Just this past year, the Dalmatian Club of America gave the Morris Animal Foundation over $20,000.00 that will eventually be transferred to the University of California. An example of the poor and shoddy work that the UC Davis performs with the money that is donated by cash strapped breed clubs to the Morris Animal Foundation and distributed to the UC Davis was for a gene test developed specifically for Dalmatians that are known for being unique in their processing of uric acid.
The webpage that advertises the “test” states “Dogs that carry two copies of the mutation [Solute carrier family 2, member 9 (SLC2A9)] will be affected and susceptible to develop bladder/kidney stones.” The misleading information in this statement is that the test is not capable of determining if a dog will be affected with bladder/kidney stones and that the test was developed only to determine if a dog carries the specific gene that ALL Dalmatians carry although only a very small percentage of Dalmatians ever form stones. All dogs are susceptible to bladder/kidney stones regardless if they carry this one specific gene or not. This information was already known back in 1938 by research done by Trimble and Klemperer. Every test for each dog costs $50.00 through the UC Davis genetics laboratory and is being promoted to be used on every breed of dog.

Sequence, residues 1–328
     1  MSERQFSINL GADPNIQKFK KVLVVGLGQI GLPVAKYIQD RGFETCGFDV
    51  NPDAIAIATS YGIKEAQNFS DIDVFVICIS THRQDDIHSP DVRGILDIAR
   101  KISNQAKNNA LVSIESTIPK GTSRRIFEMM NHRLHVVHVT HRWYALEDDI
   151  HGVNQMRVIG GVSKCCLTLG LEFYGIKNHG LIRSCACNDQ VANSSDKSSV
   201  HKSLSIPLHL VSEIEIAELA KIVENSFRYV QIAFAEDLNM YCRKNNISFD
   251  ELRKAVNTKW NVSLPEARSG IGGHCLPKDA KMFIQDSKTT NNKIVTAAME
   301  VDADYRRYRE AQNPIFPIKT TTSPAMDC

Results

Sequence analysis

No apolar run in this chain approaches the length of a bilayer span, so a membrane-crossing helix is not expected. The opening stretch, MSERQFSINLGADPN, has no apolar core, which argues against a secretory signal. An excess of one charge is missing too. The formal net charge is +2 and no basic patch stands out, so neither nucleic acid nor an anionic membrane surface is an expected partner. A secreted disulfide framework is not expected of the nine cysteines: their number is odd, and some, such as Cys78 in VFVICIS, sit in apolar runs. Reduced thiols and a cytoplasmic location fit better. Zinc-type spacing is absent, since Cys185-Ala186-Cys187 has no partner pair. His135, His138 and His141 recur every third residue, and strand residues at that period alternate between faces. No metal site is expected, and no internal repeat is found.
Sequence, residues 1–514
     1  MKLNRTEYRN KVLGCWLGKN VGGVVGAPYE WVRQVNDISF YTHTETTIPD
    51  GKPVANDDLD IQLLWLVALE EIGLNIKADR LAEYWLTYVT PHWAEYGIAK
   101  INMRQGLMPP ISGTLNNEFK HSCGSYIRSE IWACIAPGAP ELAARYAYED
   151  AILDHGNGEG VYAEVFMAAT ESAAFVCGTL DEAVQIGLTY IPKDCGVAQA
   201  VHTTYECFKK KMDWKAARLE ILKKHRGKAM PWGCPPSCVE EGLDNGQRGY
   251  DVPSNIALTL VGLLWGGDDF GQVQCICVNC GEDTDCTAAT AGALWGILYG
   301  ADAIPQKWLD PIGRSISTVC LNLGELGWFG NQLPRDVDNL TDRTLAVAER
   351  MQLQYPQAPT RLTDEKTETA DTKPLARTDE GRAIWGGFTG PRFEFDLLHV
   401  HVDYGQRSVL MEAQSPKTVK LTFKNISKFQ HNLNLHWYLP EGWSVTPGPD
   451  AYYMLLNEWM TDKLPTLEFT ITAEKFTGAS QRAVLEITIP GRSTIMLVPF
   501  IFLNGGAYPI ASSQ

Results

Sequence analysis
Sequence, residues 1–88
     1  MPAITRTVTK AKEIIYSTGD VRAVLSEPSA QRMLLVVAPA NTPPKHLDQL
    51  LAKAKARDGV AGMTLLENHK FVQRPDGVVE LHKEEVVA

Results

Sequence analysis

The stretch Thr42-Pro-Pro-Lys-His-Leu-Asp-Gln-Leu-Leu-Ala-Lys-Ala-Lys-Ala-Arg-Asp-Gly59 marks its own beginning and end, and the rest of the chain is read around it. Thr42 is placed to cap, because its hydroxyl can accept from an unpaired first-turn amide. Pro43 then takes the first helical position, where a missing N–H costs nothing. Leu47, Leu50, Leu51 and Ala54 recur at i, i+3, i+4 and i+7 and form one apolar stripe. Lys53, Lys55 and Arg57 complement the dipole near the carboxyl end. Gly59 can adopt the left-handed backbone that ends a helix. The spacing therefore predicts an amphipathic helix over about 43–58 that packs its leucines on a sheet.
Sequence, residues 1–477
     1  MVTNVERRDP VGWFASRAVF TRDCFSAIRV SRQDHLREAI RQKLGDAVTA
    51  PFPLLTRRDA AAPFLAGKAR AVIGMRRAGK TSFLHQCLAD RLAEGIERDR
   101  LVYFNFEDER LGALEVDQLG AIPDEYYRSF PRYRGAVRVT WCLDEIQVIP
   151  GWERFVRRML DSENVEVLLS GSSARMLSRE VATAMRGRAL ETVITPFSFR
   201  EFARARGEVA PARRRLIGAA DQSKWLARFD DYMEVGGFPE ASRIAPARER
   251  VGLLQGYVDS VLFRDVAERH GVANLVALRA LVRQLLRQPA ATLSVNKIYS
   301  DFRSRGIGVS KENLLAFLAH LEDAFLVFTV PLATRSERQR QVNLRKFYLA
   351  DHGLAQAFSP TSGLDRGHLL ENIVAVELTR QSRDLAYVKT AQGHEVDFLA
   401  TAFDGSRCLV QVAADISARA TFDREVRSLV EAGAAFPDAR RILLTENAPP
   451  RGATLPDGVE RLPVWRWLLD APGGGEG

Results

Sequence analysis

Dr. Danika Bannasch is the Professor at the UC of Davis that was given a grant by the Morris Foundation to investigate why Dalmatians form urate stones. She gave a lecture at the DCA National Specialty in 2007. Dr. Bannasch’s presentation included her thoughts that the research was going very slowly. In the Summer issue of the Spotter 2008, the DCA magazine, Carroll Weiss published an article that included research that was being conducted in England by MRC Human Genetics Unit, Western General Hospital, about the SLC2A9 gene that was published in April of 2008 in the NIH website. That following August, Dr. Bannasch used that information and published an article stating that the SLC2A9 transport gene was the cause for urate stones in Dalmatians. Dr. Bannasch is FULLY aware that only a very small percentage of Dalmatians form urate stones although “ALL” Dalmatians carry the SLC2A9 gene mutation.